Blog: Anahita*

A refugee torture survivor from Iran who sought safety in the UK, she joined Stone Flowers in 2013 and talks about its new show for Refugee Week

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I’ve always been fascinated by music but, when I first arrived in the UK, I did not think about music at all. I felt like I was drowning and struggling with the difficulties of my life. I was introduced to Stone Flowers in March 2013 and after couple of sessions a miracle happened: Stone Flowers was pulling me out from the dark world that was surrounding me and, session by session, my world was getting brighter.

Stone Flowers is a music collective of refugee torture survivors from across the world. Members have fled war, conflict and violence from countries including Iran, Sri Lanka, Syria, Afghanistan, Cameroon and the DRC.

Our new show Gone started with talking about the true story of Stone Flowers members’ journeys from the beginning – fleeing their home country – to the end – arriving in the UK – and what they have gone through during this journey. Every one of us has a story that sounds hard to believe when it is told and you think it is a tale, but it’s not.

We shared and wrote our story and Box Tale Soup developed it into a play with its handmade puppets. Stone Flowers wrote songs, poems and music with Music Action International. Then we all put everything together and the result was fantastic! When we practised the whole show for the first time, I couldn’t stop crying because the show was alive: it has our souls.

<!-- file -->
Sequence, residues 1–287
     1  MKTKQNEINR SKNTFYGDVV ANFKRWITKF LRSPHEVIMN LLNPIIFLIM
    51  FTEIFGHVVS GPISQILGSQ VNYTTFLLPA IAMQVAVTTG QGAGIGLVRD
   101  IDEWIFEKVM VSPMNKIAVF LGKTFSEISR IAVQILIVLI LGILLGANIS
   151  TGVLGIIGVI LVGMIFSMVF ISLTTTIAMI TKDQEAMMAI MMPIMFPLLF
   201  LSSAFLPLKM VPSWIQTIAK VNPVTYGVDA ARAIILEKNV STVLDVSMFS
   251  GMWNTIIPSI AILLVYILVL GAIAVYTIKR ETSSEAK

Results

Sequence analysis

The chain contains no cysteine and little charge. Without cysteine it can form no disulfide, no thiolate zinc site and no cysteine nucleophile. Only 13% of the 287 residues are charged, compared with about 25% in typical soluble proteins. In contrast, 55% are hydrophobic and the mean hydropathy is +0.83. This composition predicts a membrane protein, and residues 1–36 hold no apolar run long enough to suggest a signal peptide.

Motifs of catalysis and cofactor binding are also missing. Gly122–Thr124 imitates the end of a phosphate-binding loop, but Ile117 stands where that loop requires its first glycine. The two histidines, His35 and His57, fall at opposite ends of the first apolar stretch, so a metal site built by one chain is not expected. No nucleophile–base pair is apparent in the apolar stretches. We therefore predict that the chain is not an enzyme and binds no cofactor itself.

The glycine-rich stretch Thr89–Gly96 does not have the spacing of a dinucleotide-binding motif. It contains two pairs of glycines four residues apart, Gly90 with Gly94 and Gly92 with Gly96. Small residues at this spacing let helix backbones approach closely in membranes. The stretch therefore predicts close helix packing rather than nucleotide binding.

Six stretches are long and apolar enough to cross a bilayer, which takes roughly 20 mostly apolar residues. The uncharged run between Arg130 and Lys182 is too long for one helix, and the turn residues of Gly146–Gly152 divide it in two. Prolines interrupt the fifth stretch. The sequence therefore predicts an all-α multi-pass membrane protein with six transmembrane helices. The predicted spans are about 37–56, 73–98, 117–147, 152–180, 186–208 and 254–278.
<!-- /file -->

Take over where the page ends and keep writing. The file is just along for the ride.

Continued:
Gone gives the audience a clearer idea about refugees and helps them to understand the true story of a refugee’s life and why they come to the UK. We come here to seek peace, which is one of the first requirements of humanity, and which has been taken from us in so many different ways.

Stone Flowers has been a big support for all of us, helping us to cope with the difficult times we’ve had. We all hope that we can develop our shows and activities with Stone Flowers to continue to raise awareness about refugees.

By supporting organisations that work with refugees and help them in different ways, like Music Action International, people can show their support for refugees across the world. Trying to understand the truth about their life rather than judging them without enough knowledge is also very important. Gone gives you really important knowledge about that truth.

* Not her real name. Gone will be performed with Stone Flowers live at Home, Manchester, 16 June, Theatre Deli, Sheffield, 22 June. The show be followed by a Q&A with performers. Music Action International are people from across the world using the power of creativity to overcome the effects and causes of war, torture and armed conflict. For the full listing of Music Action International events for Refugee Week visit

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